Pulling back to look at the bag overall, it is clear to see that it falls on the smaller side of 22L - it worked for us as a daypack, but for larger sized individuals the bag could both not fit right and also potentially look awkward. The bag hews largely to the traditional “backpack” design from the overall silhouette to the way the shoulder strap attach tot he body, but also with some modernizing touches (other than the material) such as the slightly angled and upward sloped bottom panel that pushes the load closer to the wearer’s back when worn (albeit at the cost of being unable to stand upright on its own).
One final thing to note regarding the design is the very high level of execution and attention to detail in this bag (as we have come to expect from Japanese craftsmen) - it’s expensive, but you definitely see that reflected in both the materials and the beautiful hand-made construction of this bag.
Functionality in Use
With much travel and daily life relatively restricted due to the COVID-19 pandemic, we’ve only been able to test the Rofmia Shift Daypack v2 in a limited fashion for everyday life for a couple of weeks. Nonetheless, this has been enough to reveal some of the strengths and weakness of the bag in terms of functionality.
In terms of highlights when it comes to functionality, much of it comes from the material choice of DCF - the slight stiffness of the material means that it tends to hold its shape whilst empty without needing to resort to heavy sidewall padding or unnecessary construction - this makes it easy to hang the bag off of a table (with a HeroClip) with the front flap open and access the contents with relative ease - similarly when swinging the bag around on one shoulder, it’s relatively easy (once the bag is open) to load in/out a light shell or other items. And whilst the nature of dyneema means that some of this structure will “soften” overtime, based on other DCF bags we own even with fairly extensive use it will still likely retain enough structure to preserve these properties over time.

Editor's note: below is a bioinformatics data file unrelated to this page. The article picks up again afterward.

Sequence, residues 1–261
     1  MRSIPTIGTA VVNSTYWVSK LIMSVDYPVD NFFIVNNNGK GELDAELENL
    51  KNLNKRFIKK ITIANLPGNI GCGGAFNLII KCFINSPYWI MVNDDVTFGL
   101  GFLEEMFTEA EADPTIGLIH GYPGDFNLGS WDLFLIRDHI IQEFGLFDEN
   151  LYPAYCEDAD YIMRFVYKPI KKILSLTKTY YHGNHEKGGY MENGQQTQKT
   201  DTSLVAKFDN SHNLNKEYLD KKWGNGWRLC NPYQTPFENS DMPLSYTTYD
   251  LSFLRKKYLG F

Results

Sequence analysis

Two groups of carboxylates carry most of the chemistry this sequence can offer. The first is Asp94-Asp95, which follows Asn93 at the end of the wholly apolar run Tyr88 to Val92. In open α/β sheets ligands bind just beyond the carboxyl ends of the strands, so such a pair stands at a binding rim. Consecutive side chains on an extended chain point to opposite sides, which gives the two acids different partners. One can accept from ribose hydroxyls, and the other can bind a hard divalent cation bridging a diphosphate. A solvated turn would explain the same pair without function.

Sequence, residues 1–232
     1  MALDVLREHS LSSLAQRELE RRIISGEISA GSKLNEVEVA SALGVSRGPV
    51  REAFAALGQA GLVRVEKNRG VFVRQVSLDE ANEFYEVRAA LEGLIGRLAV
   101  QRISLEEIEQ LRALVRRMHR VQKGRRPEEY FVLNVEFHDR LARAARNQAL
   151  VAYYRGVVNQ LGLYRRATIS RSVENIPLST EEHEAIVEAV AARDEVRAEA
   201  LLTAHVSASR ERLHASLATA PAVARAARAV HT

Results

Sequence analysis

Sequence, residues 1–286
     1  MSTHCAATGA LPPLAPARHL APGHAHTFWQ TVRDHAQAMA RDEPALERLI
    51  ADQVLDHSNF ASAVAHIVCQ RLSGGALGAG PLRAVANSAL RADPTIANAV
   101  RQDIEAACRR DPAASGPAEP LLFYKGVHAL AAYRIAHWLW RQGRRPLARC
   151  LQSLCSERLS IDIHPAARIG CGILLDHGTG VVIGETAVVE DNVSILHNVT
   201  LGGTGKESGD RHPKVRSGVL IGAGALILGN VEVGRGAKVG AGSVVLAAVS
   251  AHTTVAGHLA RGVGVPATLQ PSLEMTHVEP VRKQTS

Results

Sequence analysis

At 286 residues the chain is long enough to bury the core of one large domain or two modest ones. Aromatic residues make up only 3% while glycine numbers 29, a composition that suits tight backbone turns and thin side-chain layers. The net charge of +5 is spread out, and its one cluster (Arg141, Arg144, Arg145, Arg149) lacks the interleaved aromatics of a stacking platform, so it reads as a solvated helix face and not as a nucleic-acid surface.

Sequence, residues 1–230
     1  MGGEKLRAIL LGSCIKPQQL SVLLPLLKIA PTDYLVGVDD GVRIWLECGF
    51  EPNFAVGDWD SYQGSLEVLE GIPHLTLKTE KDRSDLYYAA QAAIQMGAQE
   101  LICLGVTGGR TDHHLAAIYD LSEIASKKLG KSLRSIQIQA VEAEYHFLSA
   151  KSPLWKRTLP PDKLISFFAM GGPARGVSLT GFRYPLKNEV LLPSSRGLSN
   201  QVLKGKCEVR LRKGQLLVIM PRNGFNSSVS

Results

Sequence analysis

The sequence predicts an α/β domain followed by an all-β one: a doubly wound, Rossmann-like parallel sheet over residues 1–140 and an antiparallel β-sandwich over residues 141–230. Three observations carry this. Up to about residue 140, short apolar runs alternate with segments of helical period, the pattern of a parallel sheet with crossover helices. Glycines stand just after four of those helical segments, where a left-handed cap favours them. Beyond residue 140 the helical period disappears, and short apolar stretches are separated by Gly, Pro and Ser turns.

Similarly, the DCF material, coupled with the use of YKK Aquaguard zippers on the outside means the bag is highly water resistant - we had no problems walking in a mild Tokyo rainstorm with this bag and the contents did not get wet. On the other hand, the seams are not taped and the zippers lack zipper garages so during a heavy rainstorm or sustained downpour it is very likely water will ingress into the bag - this bag is (highly) “water resistant” but not “water proof”.
Other high points in terms of functionality come from the shoulder straps which we found to be firm and tight whilst not being uncomfortable - for the types of loads this bag should be used for they are more than sufficient and despite the lack of a more ergonomic shaping to the back panel (versus say, what Evergoods does with most of their bags), the bag tends to ride close and tight (but not necessarily “high”, though it also does not sag, which we like) to the body. Combined with the relatively small size, this makes it a very pleasant bag for navigating crowded urban environments.